TCG Audience (R)Evolution: Reflection, Change, and Legacy

by Jacqueline E. Lawton

in Audience & Community Engagement

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From March 25th to 27th, I was able to attend TCG’s second Audience (R)Evolution Convening. While I wasn’t there in my official capacity as TCG’s Diversity, Inclusion and Equity Blog Salon Curator and each of the presentations were livestreamed, I still wanted to share what drew me to this convening and share two bright spots of the experience:

As an arts administrator, dramaturg, playwright, and teaching artist, I am involved in a wide variety of audience engagement and community development activities and have been for the past 8 years. My point of entry into this work is that art and theatre are powerful tools for social justice and change, and I take an intersectional approach when calling for change. While the structure and goals vary depending on the needs of the event and community, the work is research and/or performance based. I’ve written program notes, created study guides and research packets. I’ve developed and instructed curriculum for art, dance, music, and theatre based interactive workshops. I’ve also moderated panel discussions, theatre symposiums, and diversity and inclusion training sessions. I’ve worked with a wide range of audiences from elementary, middle, and high school to college, young/middle age adults, and seniors. This might include watching and responding to a performance; discussing and sharing resources; or engaging with artists, activists, scholars, historians, religious and community leaders, and other experts about important issues related to the play or current events.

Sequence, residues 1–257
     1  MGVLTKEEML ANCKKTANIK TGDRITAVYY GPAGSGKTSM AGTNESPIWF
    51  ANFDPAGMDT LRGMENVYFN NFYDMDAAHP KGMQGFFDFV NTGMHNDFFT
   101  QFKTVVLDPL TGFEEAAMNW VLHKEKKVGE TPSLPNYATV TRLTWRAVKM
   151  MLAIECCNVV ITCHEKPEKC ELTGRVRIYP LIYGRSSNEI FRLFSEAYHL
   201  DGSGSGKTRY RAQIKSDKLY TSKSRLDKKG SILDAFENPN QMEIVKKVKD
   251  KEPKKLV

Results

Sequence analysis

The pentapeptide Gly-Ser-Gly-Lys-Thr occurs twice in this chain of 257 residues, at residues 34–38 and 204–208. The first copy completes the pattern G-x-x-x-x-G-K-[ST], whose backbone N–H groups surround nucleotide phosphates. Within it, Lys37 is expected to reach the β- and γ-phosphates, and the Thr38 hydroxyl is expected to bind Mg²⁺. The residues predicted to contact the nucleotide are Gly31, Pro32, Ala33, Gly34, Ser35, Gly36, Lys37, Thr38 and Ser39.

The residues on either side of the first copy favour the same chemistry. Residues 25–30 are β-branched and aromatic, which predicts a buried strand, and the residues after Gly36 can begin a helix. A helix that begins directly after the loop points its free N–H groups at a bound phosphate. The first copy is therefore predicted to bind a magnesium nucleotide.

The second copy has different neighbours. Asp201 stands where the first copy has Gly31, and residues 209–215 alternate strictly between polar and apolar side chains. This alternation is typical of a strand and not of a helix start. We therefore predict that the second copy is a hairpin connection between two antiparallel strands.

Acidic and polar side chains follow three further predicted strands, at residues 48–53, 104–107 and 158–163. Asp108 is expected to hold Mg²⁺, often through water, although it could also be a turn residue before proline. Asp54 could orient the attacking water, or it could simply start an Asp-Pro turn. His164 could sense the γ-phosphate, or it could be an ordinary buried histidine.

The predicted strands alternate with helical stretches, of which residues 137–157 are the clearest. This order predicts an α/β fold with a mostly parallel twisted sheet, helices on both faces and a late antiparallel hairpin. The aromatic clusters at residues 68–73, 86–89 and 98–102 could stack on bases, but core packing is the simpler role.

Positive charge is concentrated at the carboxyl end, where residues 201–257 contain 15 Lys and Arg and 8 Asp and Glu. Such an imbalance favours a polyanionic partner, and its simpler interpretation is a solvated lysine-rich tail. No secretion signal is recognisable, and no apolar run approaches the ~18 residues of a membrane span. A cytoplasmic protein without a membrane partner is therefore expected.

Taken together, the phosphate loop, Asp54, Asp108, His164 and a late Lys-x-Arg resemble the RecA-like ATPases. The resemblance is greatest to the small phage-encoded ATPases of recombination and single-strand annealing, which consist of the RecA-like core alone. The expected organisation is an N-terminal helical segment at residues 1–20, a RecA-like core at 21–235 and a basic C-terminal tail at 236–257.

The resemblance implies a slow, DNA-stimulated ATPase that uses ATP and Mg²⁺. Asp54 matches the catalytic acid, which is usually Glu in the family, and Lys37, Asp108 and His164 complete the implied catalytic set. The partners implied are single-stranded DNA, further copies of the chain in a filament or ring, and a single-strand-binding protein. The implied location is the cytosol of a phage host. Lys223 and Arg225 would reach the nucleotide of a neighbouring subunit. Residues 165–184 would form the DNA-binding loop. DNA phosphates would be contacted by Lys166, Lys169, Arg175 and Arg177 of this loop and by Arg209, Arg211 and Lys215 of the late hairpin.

More and more, I’ve been called to respond to current events. Unfortunately, a great many of these events are tragic in nature. Emotions are raw and clear actions steps are needed. In the last two years, I’ve been called to create an artistic response or facilitate a conversation in response to the Sandy Hook shooting; the murders of Trayvon Martin, Michael Brown, and Eric Garner; and the impact of PTSD on service men and women and their family. Owing to powerful, enlightening, and transformative nature of these experiences, many audience members want to continue the work in their own lives and communities.  However, more often than not, theatres have moved on to another play or topic.